Managers at the Bob Moates Sport Shop were spoiling for a fight when they found out New York City was suing the Virginia store over the way it sold firearms.
Workers hung Mayor Michael Bloomberg’s photo on a shotgun rack over the words “our worst enemy.” The shop in Midlothian, Virginia, decorated with Confederate flags, mockingly held a “Bloomberg Gun Giveaway” to finance its legal defense. One manager called the mayor “an idiot.”
Two years later, the case in Brooklyn federal court will have a much more subdued ending — likely to occur this week.
The business is poised to become the latest in a string of firearms dealers that have settled lawsuits accusing them of contributing to street crime in New York by making it easy for customers to get around rules intended to keep guns off the black market.
New York sued 27 shops in five states in 2006, claiming they had collectively sold hundreds of guns that wound up in criminals’ hands in New York.
The case in U.S. District Court for the Eastern District of New York was viewed as an attempt by Bloomberg to send a message about lax enforcement of U.S. gun control laws, especially in states where it is relatively easy to buy a handgun. Among the states in which stores were sued were Pennsylvania, Ohio, Virginia, Georgia and South Carolina.
Several shopkeepers initially promised a fierce fight, but those prospects have withered in the past two years.
Of the 27 dealers who were sued, four simply closed down or sold to new owners, saying the fight wasn’t worth the cost.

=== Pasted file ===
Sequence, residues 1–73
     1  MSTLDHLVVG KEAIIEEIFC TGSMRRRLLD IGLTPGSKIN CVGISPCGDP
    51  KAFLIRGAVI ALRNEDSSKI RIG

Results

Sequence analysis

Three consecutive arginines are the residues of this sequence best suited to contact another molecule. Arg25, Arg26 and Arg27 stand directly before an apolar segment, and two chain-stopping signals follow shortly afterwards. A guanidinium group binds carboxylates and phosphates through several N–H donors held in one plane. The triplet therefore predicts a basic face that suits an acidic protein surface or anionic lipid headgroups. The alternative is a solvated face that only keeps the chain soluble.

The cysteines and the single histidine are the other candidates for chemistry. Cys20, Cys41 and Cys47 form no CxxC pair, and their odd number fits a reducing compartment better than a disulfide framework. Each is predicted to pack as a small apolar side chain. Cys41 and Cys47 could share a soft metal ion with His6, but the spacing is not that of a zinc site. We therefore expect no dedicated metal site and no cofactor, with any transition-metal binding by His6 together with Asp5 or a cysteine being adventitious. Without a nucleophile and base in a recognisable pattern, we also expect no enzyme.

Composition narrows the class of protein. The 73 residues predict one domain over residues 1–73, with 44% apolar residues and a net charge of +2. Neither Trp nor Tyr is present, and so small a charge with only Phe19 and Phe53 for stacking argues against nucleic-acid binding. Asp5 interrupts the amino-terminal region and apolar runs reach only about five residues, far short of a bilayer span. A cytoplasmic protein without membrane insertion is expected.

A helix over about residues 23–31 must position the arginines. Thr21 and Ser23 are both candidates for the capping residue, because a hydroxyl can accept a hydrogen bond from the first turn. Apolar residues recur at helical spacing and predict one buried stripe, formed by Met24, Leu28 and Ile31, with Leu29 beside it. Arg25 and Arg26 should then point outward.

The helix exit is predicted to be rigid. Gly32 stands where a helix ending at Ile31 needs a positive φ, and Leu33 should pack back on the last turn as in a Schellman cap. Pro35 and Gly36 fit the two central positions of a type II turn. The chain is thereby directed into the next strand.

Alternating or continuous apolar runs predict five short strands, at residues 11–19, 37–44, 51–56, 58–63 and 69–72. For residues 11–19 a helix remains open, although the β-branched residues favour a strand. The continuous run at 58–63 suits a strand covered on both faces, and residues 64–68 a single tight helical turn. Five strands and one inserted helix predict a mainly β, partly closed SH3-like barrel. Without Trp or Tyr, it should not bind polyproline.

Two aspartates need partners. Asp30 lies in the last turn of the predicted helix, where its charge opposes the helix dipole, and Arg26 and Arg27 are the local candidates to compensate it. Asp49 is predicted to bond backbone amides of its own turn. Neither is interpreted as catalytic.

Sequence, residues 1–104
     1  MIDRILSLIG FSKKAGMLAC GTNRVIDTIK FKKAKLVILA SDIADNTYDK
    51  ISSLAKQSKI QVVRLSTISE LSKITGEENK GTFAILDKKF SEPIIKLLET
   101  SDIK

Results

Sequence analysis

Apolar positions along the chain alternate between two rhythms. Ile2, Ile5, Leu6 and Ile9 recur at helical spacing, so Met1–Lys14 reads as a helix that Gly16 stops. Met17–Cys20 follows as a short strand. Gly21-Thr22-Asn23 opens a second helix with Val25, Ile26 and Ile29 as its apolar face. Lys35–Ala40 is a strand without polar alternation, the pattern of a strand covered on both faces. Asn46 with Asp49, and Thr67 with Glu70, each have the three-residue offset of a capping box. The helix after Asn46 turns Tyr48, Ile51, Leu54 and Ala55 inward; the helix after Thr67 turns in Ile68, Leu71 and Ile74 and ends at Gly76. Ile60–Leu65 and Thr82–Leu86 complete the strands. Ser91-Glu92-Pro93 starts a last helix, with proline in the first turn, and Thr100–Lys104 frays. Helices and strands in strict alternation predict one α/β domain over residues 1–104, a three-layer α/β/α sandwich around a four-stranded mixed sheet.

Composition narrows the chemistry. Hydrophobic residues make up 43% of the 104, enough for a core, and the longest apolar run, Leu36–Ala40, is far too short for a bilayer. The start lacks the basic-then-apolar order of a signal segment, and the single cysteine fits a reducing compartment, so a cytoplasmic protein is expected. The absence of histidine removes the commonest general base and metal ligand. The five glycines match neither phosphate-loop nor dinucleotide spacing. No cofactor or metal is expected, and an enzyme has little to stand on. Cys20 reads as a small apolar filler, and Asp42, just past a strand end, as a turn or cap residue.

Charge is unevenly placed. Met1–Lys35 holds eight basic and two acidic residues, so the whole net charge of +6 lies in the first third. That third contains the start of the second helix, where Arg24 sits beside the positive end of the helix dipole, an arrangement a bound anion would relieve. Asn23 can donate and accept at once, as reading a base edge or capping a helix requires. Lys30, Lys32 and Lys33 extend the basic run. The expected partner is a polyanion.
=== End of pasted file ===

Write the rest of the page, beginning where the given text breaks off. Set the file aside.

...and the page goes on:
Another dealer had his license revoked by the federal Bureau of Alcohol, Tobacco, Firearms and Explosives for record-keeping violations. One stopped contesting the city’s case after being charged in federal court with knowingly selling a weapon to a convicted felon during an unrelated ATF sting. Three persuaded the city to drop them as defendants after producing records indicating that relatively few crime guns had been traced to their stores in recent years.
Almost all the rest entered into settlement agreements, taking deals to have a court-appointed monitor supervise their sales practices for three years. Many said the cost of opposing the city in court was too high. Moates’
withdrawal would leave just a single merchant still vowing to fight.
Jay Wallace, the owner of the Adventure Outdoors sporting goods store in Smyrna, Georgia, has countersued Bloomberg and other city officials for libel in Georgia, saying they wrongly branded him as a rogue gun dealer. That case is pending.
His store also remains a defendant in the city’s lawsuit. Wallace recently opted not to contest the suit at this stage in hopes of speeding an appeal to a court more favorable to the gun industry. But he said he has no intention of quitting until his reputation is restored.
“What if somebody got up and said you were a murderer?” Wallace asked. “Would you settle with them? Would you say, ‘That’s OK?’”
With other legal action relating to the case winding down, New York officials have claimed a measure of victory.
Since agreeing to have their business practices monitored, few of those stores have been linked to new crime guns, the city said.
“Our innovative litigation was aimed at holding accountable the small percentage of gun dealers who break the law — and it has worked,” said John Feinblatt, Bloomberg’s top aide on criminal justice issues.
Gun-rights groups are skeptical.
National Rifle Association spokesman Andrew Arulanandam said almost all the sued dealers were law-abiding to begin with and were “beaten into submission” by the city’s well-financed legal effort.